A former Israeli official admitted to providing Foreign Minister Avigdor Lieberman with classified information concerning his ongoing graft investigation, an indictment submitted by the State Prosecutor's Office indicated on Tuesday.
The investigation of Lieberman's alleged conduct relates to the period between 2001 and 2008, during which time various businessmen are suspected of transferring millions of dollars to companies under his control.
For part of this time, Lieberman was a private citizen, but for the remainder, he was a Knesset member and cabinet minister.
According to suspicions, Lieberman received official police and Justice Ministry investigative material in 2008, from then ambassador to Belarus Ze'ev Ben Aryeh.
An indictment submitted against Ben Aryeh on Tuesday, the former official admitted to these charges as part of a plea bargain, which stated that for his statement Ben Aryeh would be indicted of obstruction of justice and revealing classified information.
In addition, the sides agreed to a four- to-six-month incarceration, which Ben Aryeh could convert for community service, if he's found fit, as well as to probation, the length of which will be determined by the court.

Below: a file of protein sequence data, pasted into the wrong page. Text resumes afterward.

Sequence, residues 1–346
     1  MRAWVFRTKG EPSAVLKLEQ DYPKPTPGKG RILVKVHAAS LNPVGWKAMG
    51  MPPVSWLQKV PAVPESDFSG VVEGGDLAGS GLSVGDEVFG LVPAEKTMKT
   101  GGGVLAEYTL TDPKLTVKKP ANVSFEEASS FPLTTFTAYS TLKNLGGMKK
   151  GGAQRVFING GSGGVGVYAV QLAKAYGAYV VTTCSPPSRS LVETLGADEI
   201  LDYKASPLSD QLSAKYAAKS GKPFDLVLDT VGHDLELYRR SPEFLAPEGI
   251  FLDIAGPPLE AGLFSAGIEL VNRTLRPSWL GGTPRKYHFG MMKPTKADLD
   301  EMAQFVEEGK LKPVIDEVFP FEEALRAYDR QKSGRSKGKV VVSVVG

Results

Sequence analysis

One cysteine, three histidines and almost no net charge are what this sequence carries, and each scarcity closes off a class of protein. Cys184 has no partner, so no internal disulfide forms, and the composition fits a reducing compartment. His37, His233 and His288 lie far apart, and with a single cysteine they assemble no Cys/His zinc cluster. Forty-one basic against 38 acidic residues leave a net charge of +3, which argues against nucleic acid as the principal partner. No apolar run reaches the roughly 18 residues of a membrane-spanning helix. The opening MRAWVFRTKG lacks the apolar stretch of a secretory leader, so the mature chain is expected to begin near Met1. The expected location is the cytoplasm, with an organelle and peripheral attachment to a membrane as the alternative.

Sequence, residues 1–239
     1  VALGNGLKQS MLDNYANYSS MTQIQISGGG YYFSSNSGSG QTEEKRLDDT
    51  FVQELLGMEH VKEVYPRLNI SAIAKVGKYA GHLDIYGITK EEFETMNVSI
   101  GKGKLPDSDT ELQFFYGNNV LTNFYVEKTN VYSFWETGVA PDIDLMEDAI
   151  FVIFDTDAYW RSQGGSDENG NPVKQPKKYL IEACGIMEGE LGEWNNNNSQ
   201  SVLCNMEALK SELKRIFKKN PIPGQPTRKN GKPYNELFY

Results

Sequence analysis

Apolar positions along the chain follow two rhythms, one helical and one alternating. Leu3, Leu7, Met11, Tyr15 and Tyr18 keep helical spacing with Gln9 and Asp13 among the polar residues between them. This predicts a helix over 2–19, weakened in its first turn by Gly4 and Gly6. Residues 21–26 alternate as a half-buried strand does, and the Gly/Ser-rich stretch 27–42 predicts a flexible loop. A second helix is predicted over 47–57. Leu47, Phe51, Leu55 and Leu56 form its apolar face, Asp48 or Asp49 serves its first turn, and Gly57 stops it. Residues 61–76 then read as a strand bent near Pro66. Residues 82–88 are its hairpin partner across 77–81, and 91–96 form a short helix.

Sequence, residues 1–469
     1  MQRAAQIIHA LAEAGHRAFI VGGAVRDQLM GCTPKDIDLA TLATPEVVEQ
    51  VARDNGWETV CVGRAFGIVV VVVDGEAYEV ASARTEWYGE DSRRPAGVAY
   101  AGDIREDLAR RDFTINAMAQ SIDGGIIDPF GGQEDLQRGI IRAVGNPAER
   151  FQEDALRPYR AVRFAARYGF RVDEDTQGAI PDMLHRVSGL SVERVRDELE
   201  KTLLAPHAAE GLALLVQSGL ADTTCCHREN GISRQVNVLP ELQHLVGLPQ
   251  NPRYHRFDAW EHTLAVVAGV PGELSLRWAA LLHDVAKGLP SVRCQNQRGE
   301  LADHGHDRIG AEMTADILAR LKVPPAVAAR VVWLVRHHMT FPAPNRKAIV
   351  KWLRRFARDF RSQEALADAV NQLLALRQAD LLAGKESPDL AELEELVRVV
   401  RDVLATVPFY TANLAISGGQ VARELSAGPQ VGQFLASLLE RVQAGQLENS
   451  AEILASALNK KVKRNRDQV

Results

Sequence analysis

Police believe Ben Aryeh received the Justice Ministry documents via the Foreign Ministry in the summer of 2008. They contained a request for information from the Belarus authorities regarding a major investigation against Lieberman.
The envelope was stamped "secret," and contained a list of all suspicions against Lieberman, and substantial information about the evidence. The request focused on the details of bank accounts in Belarus, as well as information on the identities of the real owners of the accounts, which were mostly registered with local companies.
Ben Aryeh allegedly did not give the envelope to the Belarus authorities, and instead copied classified information and relayed it to Lieberman, who was then serving as an MK, during his visit to the country in October 2008.
In 2012, Lieberman apparently told the investigators that he was given the information but rejected it, and thus claimed he did not see it or use it.
Lieberman's associates said last night that he did not commit any wrongdoings, and that the claims were overblown.
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